American Gangster is the story of a Vietnam-era Harlem drug dealer named Frank Lucas (Washington) who inherits the "family" business when his mentor Bumpy Johnson (a geriatric Clarence Williams IV) meets an untimely demise. Taking Bumpy's dying advice to "cut out the middle man" to heart, Lucas circumvents the usual channels of drug distribution by travelling to Thailand and procuring mass quantities of uncut cocaine with military assistance. With 100% pure and affordably priced product on the street (Blue Magic), Lucas' empire grows exponentially, and he imports his entire family from North Carolina to help run the operation. Such innovation upsets the natural order of things, as Italian mobsters, the corrupt police who assist them, and fellow Harlem dealers all aim to take Frank Lucas down. Further adding to the suspense is NYPD Detective Richie Roberts (Crowe), who leaves the force after discovering its internal corruption and works with the Feds to get to the bottom of the whole thing.

After all the buildup (the Jay-Z soundtrack, the real life Lucas' media rounds, whispers of Oscar nominations for Washington and Crowe), finally watching the movie itself felt like somewhat of a letdown. The movie itself is definitely not awful, it's just underwhelming given what I expected. Washington delivers his typically nuanced performance as Lucas, but you get the feeling you're watching Denzel playing Denzel, not Denzel playing a ruthless crime boss. Crowe's character is more complex, but hardly likable himself. The starpower drops off precipitously from there, as most of the other castmates are underused vets (Roger Guenveur Smith, Idris Elba, Joe Morton, Cuba Gooding Jr) or rappers (Common, The RZA, T.I.) playing inconsequential bit parts. The only other bright spot here is the always entertaining Chiwetel Ejioforn (Kinky Boots, Inside Man, Talk To Me), who plays Frank's dangerously naive younger brother Huey. If there's a guy who deserves his own starring role more, I've yet to discover him. Get this dude his own movie, please.

Like similarly overhyped (and to some, unwatchable) flicks such as The Godfather and Scarface , I suppose this movie will gain some sort of cult following over time. That iconic A.G. poster will be seen on the wall of every MTV Crib a decade from now. This isn't by any means a bad movie. It just doesn't (in my opinion) quite live up to the weeks of relentless hype that proceeded it. All things considered though, I wouldn't be surprised one bit to see Washington nominated for Best Actor. It's odd that the most "positive" roles of his career (Cry Freedom, Malcolm X, Glory, The Hurricane) have been largely ignored, yet he finally won for (what else?) playing a corrupt cop in Training Day. His next movie, The Great Debaters, is about "Professor Melvin Tolson, a brilliant but volatile debate team coach who uses the power of words to shape a group of underdog students from a small African American college in the deep south into a historically elite debate team". That sounds more my speed, but I'm sure the Academy will probably elevate Eyes On The Prize: DopeBoy Edition instead.

Again, don't be surprised.

Final Verdict: If a neighbor has the bootleg, borrow it. If you've gotta see it, at least go to the matinee. 3.5 Stars (Out of 5)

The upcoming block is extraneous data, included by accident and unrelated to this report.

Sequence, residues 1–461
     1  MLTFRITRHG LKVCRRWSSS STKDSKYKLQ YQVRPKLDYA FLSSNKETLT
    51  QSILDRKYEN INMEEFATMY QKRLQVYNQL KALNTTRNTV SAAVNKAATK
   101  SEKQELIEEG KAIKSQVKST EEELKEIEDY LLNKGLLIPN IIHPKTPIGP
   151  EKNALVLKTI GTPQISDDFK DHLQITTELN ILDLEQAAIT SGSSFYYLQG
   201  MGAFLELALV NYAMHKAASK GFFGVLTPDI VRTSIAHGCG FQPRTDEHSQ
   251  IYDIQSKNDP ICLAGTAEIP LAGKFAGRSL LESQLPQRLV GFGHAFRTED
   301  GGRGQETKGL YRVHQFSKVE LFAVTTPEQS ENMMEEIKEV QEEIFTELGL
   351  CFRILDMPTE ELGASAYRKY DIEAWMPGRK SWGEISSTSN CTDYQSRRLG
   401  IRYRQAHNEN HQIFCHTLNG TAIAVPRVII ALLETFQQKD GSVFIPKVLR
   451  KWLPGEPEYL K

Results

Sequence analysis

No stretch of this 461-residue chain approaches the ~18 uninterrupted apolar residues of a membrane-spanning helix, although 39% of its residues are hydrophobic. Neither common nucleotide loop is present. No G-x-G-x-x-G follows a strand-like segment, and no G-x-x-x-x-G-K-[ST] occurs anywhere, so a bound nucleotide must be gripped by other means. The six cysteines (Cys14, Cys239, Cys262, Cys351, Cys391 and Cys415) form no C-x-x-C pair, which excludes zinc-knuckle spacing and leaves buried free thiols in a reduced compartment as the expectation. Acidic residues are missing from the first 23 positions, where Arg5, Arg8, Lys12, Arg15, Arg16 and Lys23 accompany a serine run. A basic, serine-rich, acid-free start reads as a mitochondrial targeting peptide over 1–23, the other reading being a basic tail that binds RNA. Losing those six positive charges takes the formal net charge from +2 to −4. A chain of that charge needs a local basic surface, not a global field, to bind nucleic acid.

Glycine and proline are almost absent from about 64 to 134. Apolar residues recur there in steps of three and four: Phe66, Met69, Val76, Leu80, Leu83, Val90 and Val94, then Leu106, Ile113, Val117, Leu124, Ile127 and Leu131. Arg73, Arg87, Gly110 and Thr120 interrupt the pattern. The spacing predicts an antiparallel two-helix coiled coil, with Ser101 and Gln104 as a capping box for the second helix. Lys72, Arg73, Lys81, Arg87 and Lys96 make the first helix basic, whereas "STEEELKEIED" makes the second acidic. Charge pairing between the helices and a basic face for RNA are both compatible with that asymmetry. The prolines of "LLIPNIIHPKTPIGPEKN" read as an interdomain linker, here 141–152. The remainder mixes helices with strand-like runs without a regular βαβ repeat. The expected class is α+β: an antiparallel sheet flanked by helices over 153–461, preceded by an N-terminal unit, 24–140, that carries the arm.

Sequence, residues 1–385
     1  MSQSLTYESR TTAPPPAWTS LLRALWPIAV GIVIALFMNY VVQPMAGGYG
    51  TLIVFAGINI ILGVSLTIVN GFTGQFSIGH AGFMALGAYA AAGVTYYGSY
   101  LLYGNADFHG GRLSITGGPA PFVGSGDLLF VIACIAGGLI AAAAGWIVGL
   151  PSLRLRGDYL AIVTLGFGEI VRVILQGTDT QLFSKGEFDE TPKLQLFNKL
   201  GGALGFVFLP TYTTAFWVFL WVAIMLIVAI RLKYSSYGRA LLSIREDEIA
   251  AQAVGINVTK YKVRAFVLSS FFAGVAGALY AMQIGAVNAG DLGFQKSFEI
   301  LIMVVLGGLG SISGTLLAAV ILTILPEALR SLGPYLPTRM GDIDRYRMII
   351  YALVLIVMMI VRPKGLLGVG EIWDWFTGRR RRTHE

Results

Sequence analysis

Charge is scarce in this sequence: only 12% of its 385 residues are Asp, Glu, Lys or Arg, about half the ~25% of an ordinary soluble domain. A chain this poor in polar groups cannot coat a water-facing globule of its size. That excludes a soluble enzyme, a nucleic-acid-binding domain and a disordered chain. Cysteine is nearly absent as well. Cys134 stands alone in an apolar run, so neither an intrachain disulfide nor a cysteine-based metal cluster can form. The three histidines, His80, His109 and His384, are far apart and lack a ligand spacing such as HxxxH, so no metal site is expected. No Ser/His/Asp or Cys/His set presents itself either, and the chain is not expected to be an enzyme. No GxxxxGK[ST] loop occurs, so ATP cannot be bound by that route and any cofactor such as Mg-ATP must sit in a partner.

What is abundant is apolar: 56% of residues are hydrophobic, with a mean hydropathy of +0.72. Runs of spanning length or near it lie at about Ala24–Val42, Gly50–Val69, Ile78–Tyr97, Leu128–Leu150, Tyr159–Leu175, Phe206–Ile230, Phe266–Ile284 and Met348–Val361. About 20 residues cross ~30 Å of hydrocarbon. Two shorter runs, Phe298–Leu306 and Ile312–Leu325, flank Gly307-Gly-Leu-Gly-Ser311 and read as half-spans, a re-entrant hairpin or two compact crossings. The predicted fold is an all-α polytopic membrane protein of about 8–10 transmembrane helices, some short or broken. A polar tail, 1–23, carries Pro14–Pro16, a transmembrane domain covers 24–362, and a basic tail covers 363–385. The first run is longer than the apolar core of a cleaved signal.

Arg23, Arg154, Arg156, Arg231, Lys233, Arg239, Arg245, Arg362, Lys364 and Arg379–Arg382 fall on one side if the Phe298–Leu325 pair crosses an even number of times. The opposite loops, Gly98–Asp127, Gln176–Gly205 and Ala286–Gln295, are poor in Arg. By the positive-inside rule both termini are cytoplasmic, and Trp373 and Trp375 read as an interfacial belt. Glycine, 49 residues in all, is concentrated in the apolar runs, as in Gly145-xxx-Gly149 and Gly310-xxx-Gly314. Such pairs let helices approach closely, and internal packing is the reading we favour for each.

[Editor's Note: AverageBro.com does not condone purchasing "bootlegs" or otherwise illegally obtaining copywritten material. But for the record, the bootleg of American Gangster available at your local barber/beauty shop is probably the best quality I've ever seen. I'm just sayin'.]

American Gangster [Yahoo! Movies]

Friday, November 9, 2007

Damon Wayans and DL Hughley Hate Black Women

A few months back, in the wake of the Don Imus/Rutgers fiasco, comedian DL Hughley was on the Tonight Show and asked about his thoughts on the matter, because he's black and that obviously makes him an authority on such issues. I've always thought DL's comedy routines were pretty funny in a crass and non-challenging way, but I haven't been able to look at this chump the same way since.



In the months since, I've gradually watched DL become more and more of a tool for conservative cable news hosts who use him like the house Negro he is invite him on to say things about black folks they can't say themselves for fear of getting Imus-ed. In fact, he was the sole guest on a recent one hour episode of The Glen Beck Show, during which when asked about this Rutgers comments, not only reiterated them, but had the nerve to defend them. This idiot continues to justify his comments by defending his "freedom of speech". Somebody should call his mom, wife, sisters, and daughters "nappy headed ho's" and see just how he feels about "freedom of speech".

Some organized a protest of his moronic statements during a recent comedy concert in Texas, after which a bootleg web show interviewed him about his comments. As expected, he flipped right to Chapter 27 in The Book of Negro Excuses, claiming "there are bigger fish to fry, blah, blah, blah" and wondering why everyone is so damn sensitive.



Cry me a river, Darryl Lynn. King of Comedy, my black ass.

Not to be outdone, the chronically underemployed Damon Wayans, who clearly didn't have anything better to do, more or less repeated the same comments while a guest on The View earlier this week.



I was somewhat upset at the Imus/Rutgers situation, but this pisses me off far more when black men who should know far better, more or less ape the same sentiments.

I'm sure some of you will accuse me of being overly sensitive here, but seriously, is there any need for this kinda B.S.? Just how prideful do these two Negros have to be to not just apologize and be done with it?